FLORIDA (CelebrityAccess) Legendary surfer Gary Propper, 72, also a manager in the entertainment business and founder of Fantasma Presents, died March 14 because of undisclosed health issues.
Considered one of the most influential surfers to come out of Florida, Propper also became a music businessman, securing the film rights to “Teenage Mutant Ninja Turtles” movie trilogy and managing acts like Carrot Top (also from Propper’s stomping grounds of Cocoa Beach, Fla.), Gallagher and Jon Lovitz. He also began Fantasma Presents, now a powerhouse promotion company and a Southeast arm of AEG. He was also known to have directed some of Burt Reynolds’ later ventures.
Propper was also known as a highly competitive and legendary surfer, once throwing a trophy into the bushes because it was second place. The Florida Surf Museum in Cocoa Beach hosted a Gary Propper exhibit in 2017, focusing on Propper’s 50-year connection to the Hobie brand and his artwork.
“We had a great turnout,” museum executive director John Hughes told Florida Today. “He was the first real surf star, not just on the East Coast, but worldwide. There were other surfers famous before him, but he was the one who turned it into a professional job. When he filled out his tax return, he would put ‘professional surfer’ as his job.”
Propper began Fantasma magazine in the 1970s, which launched Fantasma Presents – home to other luminaries in the business like Jon Stoll and John Valentino – that is now a subsidiary of AEG Presents. There he promoted shows for little known acts like Devo, Blondie, and The Police into Florida clubs. Fantasma, today, is considered one of the powerhouse promoters of the U.S.
Propper, who competed in the Surfing World Championships in 1966, ’68 and ’70, was one of the first to be paid as a celebrity sponsor, creating a deal with Hobie Alter for the first East Coast model of the Hobie surfboard, with the Gary Propper signature logo and Hobie logo. When the board debuted in 1966, it became the world’s bestselling signature model, reportedly accounting for 50 percent of the 6,000 boards Hobie made that year, according to Florida Today, and made Propper one of the highest-paid, and maybe the first, professional surfers of his era.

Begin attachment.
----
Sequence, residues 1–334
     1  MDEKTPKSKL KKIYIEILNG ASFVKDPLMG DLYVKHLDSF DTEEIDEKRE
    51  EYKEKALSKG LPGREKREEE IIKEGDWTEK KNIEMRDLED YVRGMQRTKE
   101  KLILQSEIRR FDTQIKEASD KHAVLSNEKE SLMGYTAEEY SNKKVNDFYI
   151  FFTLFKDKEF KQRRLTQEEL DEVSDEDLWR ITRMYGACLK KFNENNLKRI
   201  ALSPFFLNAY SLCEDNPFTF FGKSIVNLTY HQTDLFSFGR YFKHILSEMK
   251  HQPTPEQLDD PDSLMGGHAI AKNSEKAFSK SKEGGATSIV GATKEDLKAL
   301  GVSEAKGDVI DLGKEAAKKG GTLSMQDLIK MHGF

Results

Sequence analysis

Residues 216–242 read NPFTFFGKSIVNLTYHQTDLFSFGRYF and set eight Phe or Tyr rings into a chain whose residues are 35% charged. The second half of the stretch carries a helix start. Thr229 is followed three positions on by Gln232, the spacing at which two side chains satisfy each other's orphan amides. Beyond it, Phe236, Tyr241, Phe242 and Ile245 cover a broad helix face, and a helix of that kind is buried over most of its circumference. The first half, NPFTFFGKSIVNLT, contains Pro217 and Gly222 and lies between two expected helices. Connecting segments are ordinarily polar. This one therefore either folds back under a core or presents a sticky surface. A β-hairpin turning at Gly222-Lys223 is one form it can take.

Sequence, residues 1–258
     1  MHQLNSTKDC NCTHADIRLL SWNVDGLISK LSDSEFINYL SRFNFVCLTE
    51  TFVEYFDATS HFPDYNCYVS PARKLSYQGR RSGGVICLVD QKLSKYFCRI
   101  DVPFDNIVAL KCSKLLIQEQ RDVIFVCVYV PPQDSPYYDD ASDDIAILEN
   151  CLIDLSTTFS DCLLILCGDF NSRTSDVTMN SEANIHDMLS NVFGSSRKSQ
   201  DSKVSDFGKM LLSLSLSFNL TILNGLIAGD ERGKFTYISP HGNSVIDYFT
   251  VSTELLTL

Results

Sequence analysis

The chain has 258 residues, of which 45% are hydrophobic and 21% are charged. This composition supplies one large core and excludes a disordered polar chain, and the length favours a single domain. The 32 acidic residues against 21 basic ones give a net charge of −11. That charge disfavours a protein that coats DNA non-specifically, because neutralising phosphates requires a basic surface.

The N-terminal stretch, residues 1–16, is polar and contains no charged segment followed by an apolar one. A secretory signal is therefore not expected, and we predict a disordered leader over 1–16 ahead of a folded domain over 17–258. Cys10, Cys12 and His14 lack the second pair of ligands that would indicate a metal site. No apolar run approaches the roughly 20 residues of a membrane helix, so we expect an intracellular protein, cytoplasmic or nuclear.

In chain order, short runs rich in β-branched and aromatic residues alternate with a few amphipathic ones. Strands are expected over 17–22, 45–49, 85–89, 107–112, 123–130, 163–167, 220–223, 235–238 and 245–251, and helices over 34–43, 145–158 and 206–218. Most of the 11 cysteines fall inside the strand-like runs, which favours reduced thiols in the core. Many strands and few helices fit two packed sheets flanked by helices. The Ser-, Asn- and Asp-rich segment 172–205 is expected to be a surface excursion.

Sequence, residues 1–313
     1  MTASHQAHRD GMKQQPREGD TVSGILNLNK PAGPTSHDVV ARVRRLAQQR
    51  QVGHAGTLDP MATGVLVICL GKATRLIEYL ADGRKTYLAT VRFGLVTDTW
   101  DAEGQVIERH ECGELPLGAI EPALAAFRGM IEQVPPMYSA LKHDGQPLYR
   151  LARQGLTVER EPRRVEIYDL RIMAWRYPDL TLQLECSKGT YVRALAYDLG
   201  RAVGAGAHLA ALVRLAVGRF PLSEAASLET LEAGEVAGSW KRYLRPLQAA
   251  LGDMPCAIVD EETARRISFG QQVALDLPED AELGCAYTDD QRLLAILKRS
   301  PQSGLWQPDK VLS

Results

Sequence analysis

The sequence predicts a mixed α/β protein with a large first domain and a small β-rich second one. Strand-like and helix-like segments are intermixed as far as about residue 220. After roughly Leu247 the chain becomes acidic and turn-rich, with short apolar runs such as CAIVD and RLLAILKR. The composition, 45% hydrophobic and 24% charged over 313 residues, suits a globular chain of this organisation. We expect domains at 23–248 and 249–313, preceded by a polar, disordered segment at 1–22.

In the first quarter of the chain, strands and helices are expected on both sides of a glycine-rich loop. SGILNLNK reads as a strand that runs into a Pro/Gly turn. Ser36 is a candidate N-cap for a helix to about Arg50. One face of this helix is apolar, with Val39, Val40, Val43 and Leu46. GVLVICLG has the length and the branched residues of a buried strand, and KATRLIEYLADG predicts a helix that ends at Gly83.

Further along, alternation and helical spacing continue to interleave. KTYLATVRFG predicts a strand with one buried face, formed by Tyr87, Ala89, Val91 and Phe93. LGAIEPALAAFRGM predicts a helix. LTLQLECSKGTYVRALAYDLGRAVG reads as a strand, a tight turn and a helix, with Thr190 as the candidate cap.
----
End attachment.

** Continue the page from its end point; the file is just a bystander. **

“Oh my goodness,” “Oh my goodness,” Craig Harriman, organizer of this year’s Easter Surf Festival and CEO of The Beachside Resident magazine, told the paper. “He broke Rush, the band, Carrot Top, re-booted Burt Reynolds’ career, Gallagher …” .
Propper reportedly saw a Ninja Turtles comic and pitched the idea for the films in Hong Kong. Jim Henson created the first costume and it became the highest-grossing indie film of all time.
“We just had dinner last (Thursday) night,” Harriman told the paper. “He was even on the phone doing business deals. That’s what kind of guy he was. Even at 72.
“He had a lot going on,” he added. “He was ready to make a weed company; he was part owner of Jetson Surf Technology, which makes a jet-powered surfboard to help those who may not have the ability to surf themselves; he was working with the producers of the original ‘Teenage Mutant Ninja Turtles’ for a follow-up called ‘Magic Feathers’ in Vegas.
“He was still going strong. We’re all going to miss him.”
h/t Florida Today